The Participatory Process

Project EAT intends to inspire and empower the Wageningen UR community through a participatory process that provides opportunity to learn. Learning through hands-on experience, sharing of knowledge, linking different disciplines,  creating partnerships and the creation of a sustainable movement. Participatory process as well as collaborative working and decision making are cornerstones for Project EAT.

Participatory Processes (PP) are specific methods employed to achieve active participation by all members of a group in a decision making process. The goal is to create productive discussions to develop positive solutions (The Weave 2011 – LINK).

participatory process

Having been born from the minds of Wageningen UR students, Project EAT contains input from a wide range of disciplines. This broadened knowledge source yields innovative and creative ideas and perspectives. The transdisciplinary nature of Project EAT provides a unique platform for the Wageningen UR community.

Initially, a project board was created on a voluntary basis by individuals compromised to invest their time into the planning, organization and design of the academic garden. This group have the same decision power as any other participant, but are dedicated to carry out the participatory process. Workshops are most important to inform, consult and empower the community. Knowledge sharing workshops are carried out by students about topics related to the garden. Public design workshops (April 10th and 15th) intended to capture the ideas of the community for the spatial design of the garden.

A voluntary design team was formed by landscape architecture students, students experienced in agroecology and a permaculture expert. This team is in charge of drawing the design based on the community input, respecting agroecological principles and fulfilling its functions. A place for education and social interaction, where aesthetics and production go hand in hand. To provide accurate information voluntary technical focus groups will make suggestions for the design, building and management of the garden.

Partnerships have been built with student associations, Otherwise, Green Office, Facilities, Executive board and chairgroups to collaborate in different aspects of the project.

As well, informing the community is part of the PP. The whole Wageningen UR community will enjoy the garden and therefore should have the possibility to know how the project evolves and have the possibility to contact. Virtual tools as our website, Blog, Newsletters, Facebook and Twitter fill this purpose.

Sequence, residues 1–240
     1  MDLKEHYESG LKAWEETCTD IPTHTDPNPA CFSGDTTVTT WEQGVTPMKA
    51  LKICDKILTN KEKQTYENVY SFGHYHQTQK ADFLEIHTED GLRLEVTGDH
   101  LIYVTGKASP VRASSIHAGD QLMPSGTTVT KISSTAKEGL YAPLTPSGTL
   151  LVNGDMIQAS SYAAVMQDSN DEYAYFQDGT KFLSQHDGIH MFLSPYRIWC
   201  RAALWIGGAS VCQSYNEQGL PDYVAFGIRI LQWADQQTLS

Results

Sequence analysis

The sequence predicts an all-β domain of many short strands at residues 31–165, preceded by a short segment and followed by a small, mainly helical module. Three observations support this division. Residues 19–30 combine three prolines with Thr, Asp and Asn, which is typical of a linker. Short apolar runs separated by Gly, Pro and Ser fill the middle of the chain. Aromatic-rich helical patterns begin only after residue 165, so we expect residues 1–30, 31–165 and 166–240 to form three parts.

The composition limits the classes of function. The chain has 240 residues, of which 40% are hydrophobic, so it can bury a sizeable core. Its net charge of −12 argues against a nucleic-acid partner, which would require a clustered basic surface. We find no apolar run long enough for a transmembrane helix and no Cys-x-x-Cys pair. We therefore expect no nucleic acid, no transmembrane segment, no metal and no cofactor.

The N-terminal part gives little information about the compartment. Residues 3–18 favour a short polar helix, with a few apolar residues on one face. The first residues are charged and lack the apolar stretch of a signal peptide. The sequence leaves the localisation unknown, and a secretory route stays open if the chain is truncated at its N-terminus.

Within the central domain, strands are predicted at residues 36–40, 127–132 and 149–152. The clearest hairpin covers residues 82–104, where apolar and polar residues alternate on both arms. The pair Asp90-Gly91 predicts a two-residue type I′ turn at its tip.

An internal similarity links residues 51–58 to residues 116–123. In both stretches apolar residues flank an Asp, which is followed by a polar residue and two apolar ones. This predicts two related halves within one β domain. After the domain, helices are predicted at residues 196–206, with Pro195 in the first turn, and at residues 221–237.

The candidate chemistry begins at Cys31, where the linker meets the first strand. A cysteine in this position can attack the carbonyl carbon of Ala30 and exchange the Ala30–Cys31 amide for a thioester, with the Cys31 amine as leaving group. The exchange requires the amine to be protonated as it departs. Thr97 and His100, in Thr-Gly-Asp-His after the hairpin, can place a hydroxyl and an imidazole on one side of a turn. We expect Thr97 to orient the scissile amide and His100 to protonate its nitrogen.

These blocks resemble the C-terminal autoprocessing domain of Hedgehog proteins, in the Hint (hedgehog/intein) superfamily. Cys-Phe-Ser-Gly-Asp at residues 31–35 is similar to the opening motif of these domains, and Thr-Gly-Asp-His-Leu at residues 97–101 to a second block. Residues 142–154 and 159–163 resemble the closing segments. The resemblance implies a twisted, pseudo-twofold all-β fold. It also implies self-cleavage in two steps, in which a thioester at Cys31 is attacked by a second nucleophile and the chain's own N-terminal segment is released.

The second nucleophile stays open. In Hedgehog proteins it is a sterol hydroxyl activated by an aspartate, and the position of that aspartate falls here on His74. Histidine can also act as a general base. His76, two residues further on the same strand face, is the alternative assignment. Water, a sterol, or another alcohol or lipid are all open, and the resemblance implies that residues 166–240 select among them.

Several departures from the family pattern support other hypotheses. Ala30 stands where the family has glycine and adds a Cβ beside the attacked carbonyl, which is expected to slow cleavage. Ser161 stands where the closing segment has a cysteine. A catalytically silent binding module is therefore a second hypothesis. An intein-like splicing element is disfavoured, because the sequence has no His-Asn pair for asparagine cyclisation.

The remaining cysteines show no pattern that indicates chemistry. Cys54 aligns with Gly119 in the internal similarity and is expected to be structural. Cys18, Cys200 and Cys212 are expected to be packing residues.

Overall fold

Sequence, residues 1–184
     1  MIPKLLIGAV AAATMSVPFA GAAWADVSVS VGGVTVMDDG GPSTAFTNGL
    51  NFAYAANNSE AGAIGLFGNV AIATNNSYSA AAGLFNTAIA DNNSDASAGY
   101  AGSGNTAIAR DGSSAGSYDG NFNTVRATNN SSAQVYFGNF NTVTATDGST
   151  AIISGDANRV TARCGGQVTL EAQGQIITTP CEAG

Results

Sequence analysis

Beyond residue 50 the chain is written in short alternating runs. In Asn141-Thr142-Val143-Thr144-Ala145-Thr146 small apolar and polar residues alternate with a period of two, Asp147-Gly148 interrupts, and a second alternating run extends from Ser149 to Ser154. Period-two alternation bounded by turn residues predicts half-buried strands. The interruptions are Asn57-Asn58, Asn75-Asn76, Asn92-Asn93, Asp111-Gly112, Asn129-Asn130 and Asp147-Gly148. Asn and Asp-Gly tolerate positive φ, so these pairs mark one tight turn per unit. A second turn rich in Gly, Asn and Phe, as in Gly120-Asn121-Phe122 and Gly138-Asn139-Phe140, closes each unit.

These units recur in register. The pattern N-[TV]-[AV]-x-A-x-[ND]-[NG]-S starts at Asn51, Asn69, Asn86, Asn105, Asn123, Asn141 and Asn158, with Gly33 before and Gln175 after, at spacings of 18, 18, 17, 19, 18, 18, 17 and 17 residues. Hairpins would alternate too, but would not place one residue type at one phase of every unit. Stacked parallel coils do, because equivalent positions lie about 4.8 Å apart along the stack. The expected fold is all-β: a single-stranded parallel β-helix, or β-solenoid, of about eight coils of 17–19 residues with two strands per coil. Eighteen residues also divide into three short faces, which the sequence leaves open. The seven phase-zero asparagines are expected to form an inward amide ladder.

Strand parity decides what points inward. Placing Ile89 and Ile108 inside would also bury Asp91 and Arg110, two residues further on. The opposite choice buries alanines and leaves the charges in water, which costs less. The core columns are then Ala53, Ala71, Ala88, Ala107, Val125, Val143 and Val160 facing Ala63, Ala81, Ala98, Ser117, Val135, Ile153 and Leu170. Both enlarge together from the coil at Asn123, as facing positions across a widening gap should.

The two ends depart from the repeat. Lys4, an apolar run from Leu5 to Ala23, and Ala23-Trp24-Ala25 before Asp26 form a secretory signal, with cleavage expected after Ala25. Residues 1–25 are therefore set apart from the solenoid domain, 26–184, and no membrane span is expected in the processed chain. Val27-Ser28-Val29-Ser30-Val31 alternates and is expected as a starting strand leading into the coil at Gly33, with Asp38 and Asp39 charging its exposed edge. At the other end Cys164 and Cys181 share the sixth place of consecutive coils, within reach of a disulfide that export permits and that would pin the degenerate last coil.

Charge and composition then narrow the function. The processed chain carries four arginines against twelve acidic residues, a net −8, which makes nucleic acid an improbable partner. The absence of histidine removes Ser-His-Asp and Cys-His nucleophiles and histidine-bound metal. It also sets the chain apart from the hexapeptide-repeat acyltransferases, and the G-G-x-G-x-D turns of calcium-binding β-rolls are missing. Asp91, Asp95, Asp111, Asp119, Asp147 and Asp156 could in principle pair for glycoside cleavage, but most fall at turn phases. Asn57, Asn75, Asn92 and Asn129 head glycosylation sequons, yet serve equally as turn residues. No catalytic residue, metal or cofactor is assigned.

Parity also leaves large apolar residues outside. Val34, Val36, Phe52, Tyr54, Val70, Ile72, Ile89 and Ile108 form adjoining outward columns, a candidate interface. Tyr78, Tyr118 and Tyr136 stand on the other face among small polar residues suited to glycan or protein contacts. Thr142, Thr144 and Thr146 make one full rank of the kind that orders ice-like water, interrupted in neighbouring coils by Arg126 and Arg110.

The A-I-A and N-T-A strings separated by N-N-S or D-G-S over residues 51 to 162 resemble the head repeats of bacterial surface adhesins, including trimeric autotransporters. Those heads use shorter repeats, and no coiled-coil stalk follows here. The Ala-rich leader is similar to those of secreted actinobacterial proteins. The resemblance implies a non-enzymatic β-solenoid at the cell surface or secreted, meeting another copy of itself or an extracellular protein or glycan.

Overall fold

Remember that project EAT needs a lot of hands. If you want to be part of the project, learn a lot and make sure the garden is built soon, participate! What do you think of the participatory process in project EAT? Feel like getting involved? Share your ideas and suggestions with us; EATatWUR@gmail.com

Thanks!

Jean-Yves Duriaux Chavarria

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Harvesting Ideas

design workshop 15-04-2013 panorama

Last week the EAT Design Team met to begin processing the pile of designs we harvested from EAT supporters during our two public design workshops on the 10th and 15th of March. We hoped for enthusiasm and ideas and got them both by the lorry-load. The workshops used our own tailor-made methodology including, among other things, the challenge of applying ecological design concepts such as systems, and interconnectivity and multi-functionality of elements.

design structure

During the workshops I first gave an introduction to the systems-thinking design framework we are working with (see above), then Iulia explained the lay of the land – literally – of the campus and the context of the Orion site we are going to use to make our design proposal to the board. The next stage involved everyone drawing an A3 design, individually, imagining what they would want to see or use in the EAT campus garden. Then we moved into several groups hosted by design team members, where personal designs were presented and a large A1 drawing was made using the elements and ideas that everyone agreed they liked best. During the second workshop we even managed to go to another stage where all the workshop members discussed and decided which key ideas we wanted to sample from the group plans. If you used room C67 in Leeuwenborg last Tuesday, you may have been lucky enough to see our fantastic artwork taking up the whole blackboard (we were working on the principle that bigger is better or, at least, more entertaining).